"McKenzie's book is both an engaging account of New England's first Thanksgiving and an excellent introduction to how to think both critically and constructively about history." (George Marsden, author of A Short Life of Jonathan Edwards)
"What makes The First Thanksgiving such a refreshing read is that McKenzie gives fewer pages to debunking folk tales about the Pilgrims and Thanksgiving than he does to inspiring desire for a kind of historical inquiry that enriches human wisdom through moral and spiritual reflection. Warm-hearted, intelligent and wonderfully surprising, this book will be read and appreciated by students and scholars alike, and especially by history lovers interested in what history is and what it is good for." (Lendol Calder, Augustana College)
"Tracy McKenzie's clearly written and thoughtfully accessible book should be read with appreciation by a wide audience. It combines solid historical treatment of early American Thanksgivings with a perceptive understanding of historical method in general, and it does so by underscoring the profound Christian stake in history. It is one of those rare books that is perfectly suited for young readers but also of real value to those of us who have been around for a long time." (Mark A. Noll, University of Notre Dame)
"As a teacher, I am always on the lookout for brief, well-written models of historical thinking that I can immediately thrust into the hands of undergraduates. I absolutely loved the chapter on why it took Thanksgiving so long to take root. This work models historical thinking with incandescent lucidity." (Sam Wineburg, Stanford University)
"Revisionist histories were once the rage, as academics sought recognition by shaking us from deeply and dearly held perceptions of the past with revelations of novel and counter 'facts.' McKenzie works the opposite direction, resurfacing the history we have forgotten regarding one of our most treasured holidays--Thanksgiving--to help reexamine and reinforce our most important convictions regarding faith and culture." (Bryan Chapell, president emeritus, Covenant Seminary)
About the Author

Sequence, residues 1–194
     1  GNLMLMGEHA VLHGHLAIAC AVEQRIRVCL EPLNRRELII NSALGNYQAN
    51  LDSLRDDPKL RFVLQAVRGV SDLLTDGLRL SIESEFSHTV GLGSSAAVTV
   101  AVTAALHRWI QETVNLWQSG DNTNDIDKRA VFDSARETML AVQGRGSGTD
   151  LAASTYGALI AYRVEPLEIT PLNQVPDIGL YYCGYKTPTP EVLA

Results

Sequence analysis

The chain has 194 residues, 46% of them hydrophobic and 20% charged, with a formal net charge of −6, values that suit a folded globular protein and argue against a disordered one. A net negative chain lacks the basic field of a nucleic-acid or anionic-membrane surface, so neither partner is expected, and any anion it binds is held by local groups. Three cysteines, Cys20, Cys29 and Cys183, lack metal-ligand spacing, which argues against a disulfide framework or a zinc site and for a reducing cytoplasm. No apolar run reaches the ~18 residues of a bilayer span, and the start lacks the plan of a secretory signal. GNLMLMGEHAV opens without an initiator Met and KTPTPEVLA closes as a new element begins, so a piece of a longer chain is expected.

Robert Tracy McKenzie (Ph.D., Vanderbilt University) is professor and chair of the department of history at Wheaton College, where he teaches courses in U.S. history, the Civil War and historiography. McKenzie is the author of two award-winning monographs: One South or Many? Plantation Belt and Upcountry in Civil-War Era Tennessee (Cambridge, 1994) and Lincolnites and Rebels: A Divided Town in the American Civil War (Oxford, 2009). He has also written numerous scholarly reviews and articles including "Don't Forget the Church: Reflections on the Forgotten Dimension of Our Dual Calling" in the book Confessing History: Christian Faith and the Historian's Vocation (Notre Dame, 2010).
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As a result, the incorrect (and often hyper-spiritualized) view of American history, including the Pilgrims, Puritans, the Great Awakening and the founding era inevitably leads to incorrect and offensive political strategies. Trying to "Take Back America" or "restore a Christian nation" as political goals are nowhere to be found with the sixty-six inspired books. As an evangelical myself, living alongside a pluralistic and diverse 317,000,000 people, I myself tremble at some of the strategies being offered by what I suspect are well meaning fellow believers. There are far better ways for the evangelical community to engage and even belay the emerging tyranny; "restoring a Christian nation" is not one of them.